google

A deluge of possibilities

When you come back from some time away, particularly when you’re wandering around beautiful landscapes like I was, you do get out of the pace and rhythm of a school. So, it’s been a bit of a jolt coming back and getting used to timetables, bells, hundreds of daily interactions and the pace of the day.

And, one thing that has particularly struck me, in an area I’m very keen about, is technology. Schools seem to be at the center of a perfect storm of change, particularly in terms of ed-tech.

At my own workplace, for example, we’re grappling with the virtues of OneDrive and Google Apps for Education and probably going to opt for some of both. The OneNote notebook creator (see video below) looks like a great leap forward to this product that is so powerful, but so tricky for setup at times. We’ve been a school that uses Outlook and Office, so the collaborative features of OneDrive will be welcomed, but the sites and the survey tools in Google are excellent.

At the same we’re weighing up options for an LMS that might supplement or replace our current wikis, with teachers looking at things like Blackboard, Schoology, Edmodo and others. It’s an arms race of features out there. I’ve been using Schoology with my own teaching, and I think it’s terrific, but what about a reporting tool? And how’s the mobile app look?

Finally, we’re talking a lot about ebooks and replacing / supplementing the paper text books with e-book versions. Do we go with a single vendor, try to accommodate a range of vendors and portals or look for an aggregator? And how do we transition our teachers and parents to that model?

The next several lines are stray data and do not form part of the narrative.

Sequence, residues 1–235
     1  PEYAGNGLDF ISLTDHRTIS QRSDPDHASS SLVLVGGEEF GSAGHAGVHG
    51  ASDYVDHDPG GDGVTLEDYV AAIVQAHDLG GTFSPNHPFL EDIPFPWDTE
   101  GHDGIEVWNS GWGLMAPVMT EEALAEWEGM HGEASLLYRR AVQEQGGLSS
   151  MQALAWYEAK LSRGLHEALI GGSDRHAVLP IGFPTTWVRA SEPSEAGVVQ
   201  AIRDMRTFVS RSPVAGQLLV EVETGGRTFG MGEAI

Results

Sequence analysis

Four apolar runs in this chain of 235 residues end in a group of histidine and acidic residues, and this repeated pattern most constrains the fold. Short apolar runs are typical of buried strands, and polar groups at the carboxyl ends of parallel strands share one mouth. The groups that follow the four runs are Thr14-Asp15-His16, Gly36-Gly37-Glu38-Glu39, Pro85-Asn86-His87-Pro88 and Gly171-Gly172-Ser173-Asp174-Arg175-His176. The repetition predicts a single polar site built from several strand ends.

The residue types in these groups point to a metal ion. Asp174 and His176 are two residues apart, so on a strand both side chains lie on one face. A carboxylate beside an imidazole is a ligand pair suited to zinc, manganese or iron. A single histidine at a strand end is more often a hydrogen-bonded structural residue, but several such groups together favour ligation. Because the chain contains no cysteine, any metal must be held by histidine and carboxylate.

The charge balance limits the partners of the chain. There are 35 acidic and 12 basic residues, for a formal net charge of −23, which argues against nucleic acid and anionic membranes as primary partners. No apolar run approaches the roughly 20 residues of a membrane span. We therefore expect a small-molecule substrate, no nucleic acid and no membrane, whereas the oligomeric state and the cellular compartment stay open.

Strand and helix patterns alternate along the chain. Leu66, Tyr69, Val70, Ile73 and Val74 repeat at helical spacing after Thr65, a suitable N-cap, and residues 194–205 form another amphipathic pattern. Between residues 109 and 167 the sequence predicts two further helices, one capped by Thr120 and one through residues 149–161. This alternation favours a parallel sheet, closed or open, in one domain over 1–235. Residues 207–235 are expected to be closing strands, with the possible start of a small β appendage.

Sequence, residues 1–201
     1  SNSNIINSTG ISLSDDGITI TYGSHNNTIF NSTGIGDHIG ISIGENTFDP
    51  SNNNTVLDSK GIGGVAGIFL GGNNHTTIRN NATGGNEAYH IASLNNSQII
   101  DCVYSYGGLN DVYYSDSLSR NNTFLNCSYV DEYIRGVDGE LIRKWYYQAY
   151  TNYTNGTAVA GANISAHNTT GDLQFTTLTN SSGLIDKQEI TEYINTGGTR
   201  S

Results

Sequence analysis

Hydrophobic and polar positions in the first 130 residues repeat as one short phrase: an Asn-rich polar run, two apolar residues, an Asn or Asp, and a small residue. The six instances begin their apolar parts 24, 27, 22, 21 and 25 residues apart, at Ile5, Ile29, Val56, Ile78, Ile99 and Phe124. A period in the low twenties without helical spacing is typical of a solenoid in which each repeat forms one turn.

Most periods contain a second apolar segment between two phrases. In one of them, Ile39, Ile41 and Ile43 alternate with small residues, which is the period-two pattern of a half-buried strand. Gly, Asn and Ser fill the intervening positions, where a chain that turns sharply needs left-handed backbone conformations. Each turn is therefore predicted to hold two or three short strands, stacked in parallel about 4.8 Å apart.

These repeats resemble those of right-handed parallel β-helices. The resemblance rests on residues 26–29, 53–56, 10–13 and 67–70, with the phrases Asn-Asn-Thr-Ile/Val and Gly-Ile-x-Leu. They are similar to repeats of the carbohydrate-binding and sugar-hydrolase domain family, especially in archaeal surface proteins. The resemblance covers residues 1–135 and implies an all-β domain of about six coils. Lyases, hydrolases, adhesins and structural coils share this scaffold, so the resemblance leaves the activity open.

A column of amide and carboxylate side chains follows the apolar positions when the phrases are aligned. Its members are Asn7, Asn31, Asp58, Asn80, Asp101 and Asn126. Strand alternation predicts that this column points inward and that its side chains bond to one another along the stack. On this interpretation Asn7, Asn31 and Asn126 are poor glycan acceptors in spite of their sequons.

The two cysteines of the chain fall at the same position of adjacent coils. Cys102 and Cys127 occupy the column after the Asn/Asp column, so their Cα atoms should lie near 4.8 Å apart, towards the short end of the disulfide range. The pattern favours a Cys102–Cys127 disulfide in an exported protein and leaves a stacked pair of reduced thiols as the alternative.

Lots to think about. Sometimes I think back to the simplicity of a day’s walking in Skye last term, but it sure is an exciting time to be a teacher. I’m pretty sure that OneNote will be part of my teaching next  year. Here’s that video:

Google +

I’ve been playing around with Google + for the last week or two and am hopeful that maybe, just maybe, this  might be a better social tool than the elephant in the room that is Facebook.

Like most schools, we’ve struggled with some issues to do with student access to Facebook and I think that the students too would like a more transparent, easy to manage social tool that would allow them to share with their real friends, not the public ‘friends’ that Facebook would prefer. Facebook’s default is public; the idea of circles in Google+ means that a student could perhaps have their ‘real’ friends in one circle, and everyone else in another.

I don’t know if it’s the answer, and I don’t know enough yet about how Google+ will develop, but I’ve never got into Facebook, and am hopeful that this might be better.

Street View

pastry-kitchen

Google Maps, a handy little tool I often use when travelling around Melbourne, just got a little more powerful and a trifle scary with the introduction of ‘Street View’ in Australia, the ability to zoom in at street level on just about any street.

I’ve never seen them, but apparently little Google-branded cars have been trawling our streets photographing everything they can, and pulling it into one giant photogrpahic map of the world (or at least three countries so far) If you had a faster internet connection than me you could even cruise up and down the streets of your choice, looking at houses, or shops.

It’s all slightly Orwellian in some ways, except that we all have access to it.  I like the way that you can create your own Google Maps of places you go to, favourite restaurants and the like, but this is a new dimension to all that. Imagine the data involved! If you want to talk to me about it I’ll be at the Pastry Kitchen (above) for a coffee around 8.30 this morning.